Bush took a hard line on capital punishment, and received much criticism for it. More convicts were executed under his terms than any other Texas governor, although the rate of executions was not unusual for Texas. Although there is much consensus that Bush effected significant changes, there is little consensus as to whether these changes were detrimental or positive in nature. If nothing else, Bush’s transformative agenda, in combination with his political and family pedigree, catapulted him onto the national political radar. As the campaigns to succeed Bill Clinton as president began in earnest, Bush emerged as a key figure. Presidential campaigns Al Gore greets President-Elect Bush at the White House in late December of 2000. In Bush’s 2000 presidential election campaign, he declared himself to be a “compassionate conservative". He campaigned on, among other issues, allowing religious charities to particiate in federally funded programs, tax cuts, promoting the use of education vouchers, supporting oil drilling in the Arctic National Wildlife Refuge, maintaining a balanced federal budget, and restructuring of the armed forces.


He said he was against using the U.S. armed forces in nation building attempts. Bush faced Democratic candidate Vice President Al Gore. Bush took 271 electoral votes to Gore’s 266, including the electoral votes of 30 of the 50 states. Neither candidate received a majority of the popular vote - Bush took 47.9 percent; Gore, 48.4 percent - but Gore received about 540,000 more of the 105 million votes cast, a margin of about one-half of one percent. Most of the votes that neither Bush nor Gone won went to Green Party candidate Ralph Nader (2,695,696 votes/2.7%), Reform Party candidate Pat Buchanan, (449,895/0.4%), and Libertarian Party candidate Harry Browne (386,024 votes/0.4%). It was the first presidential election since 1888 in which the winning candidate received fewer popular votes than his opponent, the first since 1876 in which the winner of the electoral vote was in dispute, and the first ever to be directly affected by a Supreme Court decision. The Florida vote, which favored Bush by a slim margin in the initial count and all subsequent official recounts, was heavily contested after concerns were raised about flaws and irregularities in the voting and tabulation processes and became the subject of a series of contentious court cases regarding the legality of county-specific and statewide re-counts. After machine and manual recounts in the four counties selected by Gore still showed Bush as the winner, the Florida Supreme Court ordered a statewide manual recount of all counties. The Bush campaign appealed to the U.S. Supreme Court, which, in its mid-December decision Bush v. Gore, overturned the decision and halted all recounts. Gore then conceded the election. In the final official count, Bush won Florida by 537 votes, giving him the state’s 25 electoral votes and the presidency. See U.S. presidential election, 2000. (Also see The 2000 Florida Ballot Project.) Bush was inaugurated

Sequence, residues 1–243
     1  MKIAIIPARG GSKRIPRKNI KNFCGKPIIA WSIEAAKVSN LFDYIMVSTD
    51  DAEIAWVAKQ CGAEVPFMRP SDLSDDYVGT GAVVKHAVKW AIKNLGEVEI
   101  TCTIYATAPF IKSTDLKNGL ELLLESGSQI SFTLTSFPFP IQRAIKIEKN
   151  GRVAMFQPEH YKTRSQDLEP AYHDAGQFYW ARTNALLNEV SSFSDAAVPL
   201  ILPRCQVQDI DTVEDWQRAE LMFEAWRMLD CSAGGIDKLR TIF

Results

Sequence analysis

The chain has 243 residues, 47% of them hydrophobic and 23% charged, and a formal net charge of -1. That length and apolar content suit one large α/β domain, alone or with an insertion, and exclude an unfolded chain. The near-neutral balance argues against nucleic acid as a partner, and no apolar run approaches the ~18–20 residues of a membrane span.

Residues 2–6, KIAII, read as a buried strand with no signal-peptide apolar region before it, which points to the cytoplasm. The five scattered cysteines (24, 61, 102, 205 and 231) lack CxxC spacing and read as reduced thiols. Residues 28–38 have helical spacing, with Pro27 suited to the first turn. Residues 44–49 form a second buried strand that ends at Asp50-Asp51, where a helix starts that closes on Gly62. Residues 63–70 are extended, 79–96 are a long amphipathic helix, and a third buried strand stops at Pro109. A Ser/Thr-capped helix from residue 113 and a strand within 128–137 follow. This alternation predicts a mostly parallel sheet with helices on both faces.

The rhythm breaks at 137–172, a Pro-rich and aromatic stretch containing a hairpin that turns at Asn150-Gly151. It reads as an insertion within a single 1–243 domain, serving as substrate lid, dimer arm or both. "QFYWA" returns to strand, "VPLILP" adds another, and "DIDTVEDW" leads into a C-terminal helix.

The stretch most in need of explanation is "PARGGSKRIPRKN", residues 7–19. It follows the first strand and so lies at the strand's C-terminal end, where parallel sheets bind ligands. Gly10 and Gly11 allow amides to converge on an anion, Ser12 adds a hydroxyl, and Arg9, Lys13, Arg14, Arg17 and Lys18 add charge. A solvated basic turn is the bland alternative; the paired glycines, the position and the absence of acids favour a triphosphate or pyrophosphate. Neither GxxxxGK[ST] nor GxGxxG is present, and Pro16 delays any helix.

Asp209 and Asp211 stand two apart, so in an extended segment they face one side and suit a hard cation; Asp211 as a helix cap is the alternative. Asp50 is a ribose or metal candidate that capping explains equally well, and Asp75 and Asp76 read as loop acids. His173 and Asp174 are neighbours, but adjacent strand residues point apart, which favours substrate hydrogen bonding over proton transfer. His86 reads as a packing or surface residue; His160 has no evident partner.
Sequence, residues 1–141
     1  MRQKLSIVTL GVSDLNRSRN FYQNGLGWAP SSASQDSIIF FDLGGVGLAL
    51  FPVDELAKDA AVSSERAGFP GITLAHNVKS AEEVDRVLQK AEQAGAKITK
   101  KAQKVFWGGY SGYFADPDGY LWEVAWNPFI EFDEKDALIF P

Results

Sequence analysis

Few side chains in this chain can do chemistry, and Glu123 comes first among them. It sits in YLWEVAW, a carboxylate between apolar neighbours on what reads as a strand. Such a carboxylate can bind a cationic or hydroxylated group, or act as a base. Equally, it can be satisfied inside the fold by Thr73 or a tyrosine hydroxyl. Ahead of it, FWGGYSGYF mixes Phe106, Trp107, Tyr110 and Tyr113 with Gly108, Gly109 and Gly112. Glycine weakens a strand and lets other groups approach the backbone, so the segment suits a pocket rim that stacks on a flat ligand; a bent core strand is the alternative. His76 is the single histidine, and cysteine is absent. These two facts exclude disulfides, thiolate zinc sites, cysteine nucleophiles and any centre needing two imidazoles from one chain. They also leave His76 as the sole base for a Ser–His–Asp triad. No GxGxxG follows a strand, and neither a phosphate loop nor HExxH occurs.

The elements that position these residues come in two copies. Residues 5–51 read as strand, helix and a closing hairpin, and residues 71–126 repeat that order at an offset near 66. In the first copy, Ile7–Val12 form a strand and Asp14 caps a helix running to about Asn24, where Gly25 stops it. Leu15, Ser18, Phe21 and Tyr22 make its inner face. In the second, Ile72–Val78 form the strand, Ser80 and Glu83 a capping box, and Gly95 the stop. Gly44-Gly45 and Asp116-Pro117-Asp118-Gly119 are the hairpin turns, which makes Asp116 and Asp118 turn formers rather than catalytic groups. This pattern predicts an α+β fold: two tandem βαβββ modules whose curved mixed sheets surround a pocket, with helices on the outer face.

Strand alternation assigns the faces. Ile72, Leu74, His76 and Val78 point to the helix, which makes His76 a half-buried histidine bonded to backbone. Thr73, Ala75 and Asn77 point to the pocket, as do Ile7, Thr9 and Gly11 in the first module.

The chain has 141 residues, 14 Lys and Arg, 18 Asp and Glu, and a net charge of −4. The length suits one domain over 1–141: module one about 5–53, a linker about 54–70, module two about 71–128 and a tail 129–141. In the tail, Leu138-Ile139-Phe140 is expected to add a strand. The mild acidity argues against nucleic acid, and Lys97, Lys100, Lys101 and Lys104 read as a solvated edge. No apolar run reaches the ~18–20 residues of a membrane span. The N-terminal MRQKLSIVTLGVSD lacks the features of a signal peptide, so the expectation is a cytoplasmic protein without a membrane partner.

President on January 20, 2001. George W. Bush speaks at a campaign rally in 2004. In the 2004 election, Bush won a second term, an electoral majority, and also received 3.5 million popular votes more than his Democratic challenger, Massachusetts Senator John Kerry. Bush was the first presidential candidate since his father, George H.W. Bush in 1988 to receive a majority of the popular vote. (The intervening elections had seen stronger showings by non-major party candidates such as Ross Perot and Ralph Nader.) As is expected with population growth, more people voted both for and against the presidential candidate in this election than any other time in history, however his margin over Kerry of about 3 percent was the smallest popular vote margin for a re-elected President since Woodrow Wilson’s 1916 victory.